posted 10 years ago in Dress
Post # 3
378 posts
Helper bee

Personally I would say stay in college, get a degree in business or something of the like and see if you can intern or work at a bridal store first. Dropping out of college to do something you have no idea if you have any talent in seems a little extreme, but that’s just me.

Post # 4
2004 posts
Buzzing bee
  • Wedding: November 2008

Don’t drop out of college! If you’re serious about getting into the wedding industry by opening a bridal boutique, take business classes. Talk to people in the industry and find out what you need to know and then learn it, either at college or in jobs or internships. Dream big, but don’t bite off more than you can chew—narrow down where you want to start and hone your skills in one area before moving to the next. A good education is the best asset you can give yourself, especially if you have an eye toward self-employment. 

Also, do you have any experience in sewing? It is much harder than it looks (I do a fair amount myself). Also, you will have to get a seamstress eventually, because it’s virtually impossible to custom-fit a gown on yourself while you’re wearing it. If you want a custom gown I would get one from a tailor who specializes in them because you will probably be much happier with the quality of the product, especially if you’re new to sewing.

Post # 5
2695 posts
Sugar bee
  • Wedding: February 2008

Don’t drop out!! get experience and learn what you need for this business but get your college degree!!

Post # 7
297 posts
Helper bee
  • Wedding: August 2008

Is there any way that you could switch your degree to learn more about sewing/fashion design/starting your own business/etc? That would probably be really helpful! Maybe get a job at a bridal boutique to give yourself a small taste of what it is like before jumping in completely!

Post # 8
2324 posts
Buzzing bee
  • Wedding: September 2018

If you’ve already got a business degree, I’d go to work for another event planner for a couple of years and learn the ropes. It’s a LOT harder to plan other people’s events in a professional way then it is to plan your own wedding.

Post # 9
2324 posts
Buzzing bee
  • Wedding: September 2018

Oh and as far as doing your own dress…do you have any experience sewing, etc?

Post # 10
7 posts

I have designed and made my own gown (wedding is next Saturday and I literally just finished it!) and it was been such a lot of work – much more than I envisioned to begin with, and I have a fair bit of sewing experience. I’m glad I did it and absolutely love it, but it’s a huge undertaking so to save your sanity, I would stick with your current gown and use your creativity on other aspects of the wedding! Good luck!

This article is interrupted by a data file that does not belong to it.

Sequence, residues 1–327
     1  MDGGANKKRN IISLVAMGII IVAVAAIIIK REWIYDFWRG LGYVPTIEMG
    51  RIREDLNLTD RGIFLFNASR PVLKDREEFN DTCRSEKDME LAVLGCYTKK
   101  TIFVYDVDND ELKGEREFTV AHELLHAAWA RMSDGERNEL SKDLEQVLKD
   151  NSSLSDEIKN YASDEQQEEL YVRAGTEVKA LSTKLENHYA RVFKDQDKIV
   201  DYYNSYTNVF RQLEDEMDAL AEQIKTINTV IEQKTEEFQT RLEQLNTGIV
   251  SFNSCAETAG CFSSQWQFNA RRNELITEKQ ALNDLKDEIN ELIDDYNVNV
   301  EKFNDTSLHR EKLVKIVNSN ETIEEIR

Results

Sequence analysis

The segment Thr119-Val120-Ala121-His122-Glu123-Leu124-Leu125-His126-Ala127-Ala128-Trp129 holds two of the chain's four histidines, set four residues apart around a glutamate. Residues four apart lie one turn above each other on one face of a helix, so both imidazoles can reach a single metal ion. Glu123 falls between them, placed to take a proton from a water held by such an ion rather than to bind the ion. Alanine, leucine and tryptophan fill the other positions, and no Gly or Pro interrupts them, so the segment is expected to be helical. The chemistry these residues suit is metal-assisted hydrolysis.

Post # 11
7081 posts
Busy Beekeeper
  • Wedding: July 2009

My friend ended up needing to sew all night prior to her wedding.  We’re talking not a wink of sleep… just to get the dress right.  If you are doing your own dress, do it early!

Post # 12
83 posts
Worker bee
  • Wedding: March 2008

Sewing a formal dress is a huge task for someone who doesn’t have sewing experience.  Just getting it to fit right takes a lot of know how.  I’ve been sewing all my life and making a somewhat difficult dress for my wedding from a pattern (http://tinyurl.com/6jyqux) was a big big deal.

If you have plenty of time and start early, go for it.  But I suggest getting informed about creating custom patterns first.

As far as the business, why not start out with one thing at a time?  Event planning first, bridal site second, storefront third, dress design fourth?  As someone who has a small business on the side, I think it’s much easier to concentrate on getting one new thing started at a time.  Trying to do everything at once can be overwhelming.  And once you’ve got something going, you can let it coast a little (and make you money) while you do the next thing.

Good luck! 

Post # 13
170 posts
Blushing bee

Well… if you have a degree in business you know how much thought, care and research is involved in starting a small business.

Just as an initial list… a business plan, marketing research (is there a sufficient demand for YOUR product or is the industry over saturated? what will differentiate you from your competitors?), pricing analysis and methodology (how will you price your services? how does that compare to your competitors? Will you be able to cover your costs), risk assessment, insurance, up front investment, opportunity cost, internal return rate (r), present value analysis, all of the maketing materials and forms, supplier relationships, references, the incorporation of the business and relate legal expenses, tax implications… and the list goes on.

Also, according to the SBA, over 50% of small businesses fail within the first five years.

So yes, it is a big decision and your passion for the subject is not a sufficient reason to pursue this career change and significant investment. Opening a boutique, event planning, and fashion design are very distinct skill sets and talents. To really succeed in those fields often requires years of training and/or significant experience.

Also to be honest you sound a bit naive. It is unlikely that you will be able to sew a dress, if you currently don’t have the skills.  Vera Wang got where she is with a lot of training and effort and years and years of work.

So think hard about this decision and best of luck.

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